In this paper, representing the United Nations Department of Peacekeeping Operations, I share recent experiences from Timor-Leste where I serve as Secretary-General Ban Ki-Moon’s Special Representative.Today’s topic, transitions, is a timely one. In its history of over more than 60 years, peacekeeping has gone through a series of surges and periods of consolidation. Following the most recent surge of new peacekeeping missions in the early 2000s, we expect the next few years to represent a period of consolidation and drawdown. Our mission in Chad will close at the end of December; in Timor-Leste and Liberia, transition planning is already underway, in others like Cote d’Ivoire, it is a little further on the horizon. In all transitions, we have to manage the departure of peacekeeping missions in a way that helps consolidate and build peace. The topic is also timely as UN Member States are in the midst of important policy debates in the Security Council as well as the 4th and 5th Committees of the General Assembly, on the interface between peacekeeping and peacebuilding, the role of the Peacebuilding Commission and the Security Council, and on allocation of resources across multiple instruments like peacekeeping operations or special political missions, and development assistance. Thoughts about the role of these instruments are evolving and there is some way to go to make sure they all work together effectively.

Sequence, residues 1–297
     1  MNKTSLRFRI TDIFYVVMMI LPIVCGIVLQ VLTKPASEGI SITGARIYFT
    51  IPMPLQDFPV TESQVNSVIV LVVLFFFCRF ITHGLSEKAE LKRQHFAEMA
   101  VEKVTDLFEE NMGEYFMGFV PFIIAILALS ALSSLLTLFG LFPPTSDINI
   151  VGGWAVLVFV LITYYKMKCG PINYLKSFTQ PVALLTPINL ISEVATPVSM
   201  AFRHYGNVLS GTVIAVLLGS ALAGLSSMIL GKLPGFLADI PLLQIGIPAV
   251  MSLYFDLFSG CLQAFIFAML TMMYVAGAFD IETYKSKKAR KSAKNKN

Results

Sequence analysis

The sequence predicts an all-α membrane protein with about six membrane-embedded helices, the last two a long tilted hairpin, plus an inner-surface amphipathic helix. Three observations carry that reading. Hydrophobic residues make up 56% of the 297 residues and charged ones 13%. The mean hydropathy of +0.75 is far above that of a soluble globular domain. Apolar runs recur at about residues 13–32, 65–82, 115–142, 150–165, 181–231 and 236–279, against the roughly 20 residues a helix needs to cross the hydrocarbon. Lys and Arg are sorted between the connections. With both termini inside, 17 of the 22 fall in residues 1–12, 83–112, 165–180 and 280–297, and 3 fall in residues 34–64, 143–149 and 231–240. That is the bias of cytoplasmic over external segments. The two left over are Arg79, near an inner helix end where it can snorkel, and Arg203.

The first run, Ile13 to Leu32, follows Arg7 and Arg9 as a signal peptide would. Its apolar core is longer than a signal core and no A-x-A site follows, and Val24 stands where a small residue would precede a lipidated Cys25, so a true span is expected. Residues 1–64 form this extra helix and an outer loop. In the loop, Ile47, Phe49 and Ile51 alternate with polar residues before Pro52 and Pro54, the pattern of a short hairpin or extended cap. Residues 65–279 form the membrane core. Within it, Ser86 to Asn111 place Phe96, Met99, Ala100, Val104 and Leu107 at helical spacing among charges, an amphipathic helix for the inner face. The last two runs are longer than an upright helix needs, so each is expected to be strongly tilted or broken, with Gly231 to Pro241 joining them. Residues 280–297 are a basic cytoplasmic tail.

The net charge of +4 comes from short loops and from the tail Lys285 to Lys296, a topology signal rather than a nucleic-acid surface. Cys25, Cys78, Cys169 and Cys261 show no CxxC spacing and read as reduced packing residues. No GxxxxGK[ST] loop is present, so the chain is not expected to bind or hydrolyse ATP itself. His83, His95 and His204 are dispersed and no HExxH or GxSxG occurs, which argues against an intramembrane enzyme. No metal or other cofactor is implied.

Ms Ameerah Haq has been appointed as the Special Representative of the Secretary-General for Timor-Leste and Head of the United Nations Integrated Mission in Timor-Leste (UNMIT) on 2 December 2009. She most recently served as the Deputy Special Representative of the Secretary-General for Sudan as well as the UN Resident Coordinator and Humanitarian Coordinator for Sudan (2007–2009). Before that, she served as the Deputy Special Representative of the Secretary-General for Afghanistan as well as the UN Resident Coordinator and Humanitarian Coordinator for Afghanistan (2004–2007). She was formerly the Deputy Assistant Administrator and Deputy Director of the Bureau for Crisis Prevention and Recovery at UNDP Headquarters in New York. She served as the United Nations Resident Coordination and UNDP Resident Representative in Malaysia from 1994 to 1997 and in the same capacity in Laos from 1991 to 1994. Ms Haq worked in the Regional Bureau for Asia and the Pacific at UNDP Headquarters in various capacities from 1980-1990. She is a graduate of Western College in Oxford, Ohio (USA) and holds Masters Degrees in Community Organization and Planning from Columbia University (USA) and Business Administration from New York University (USA).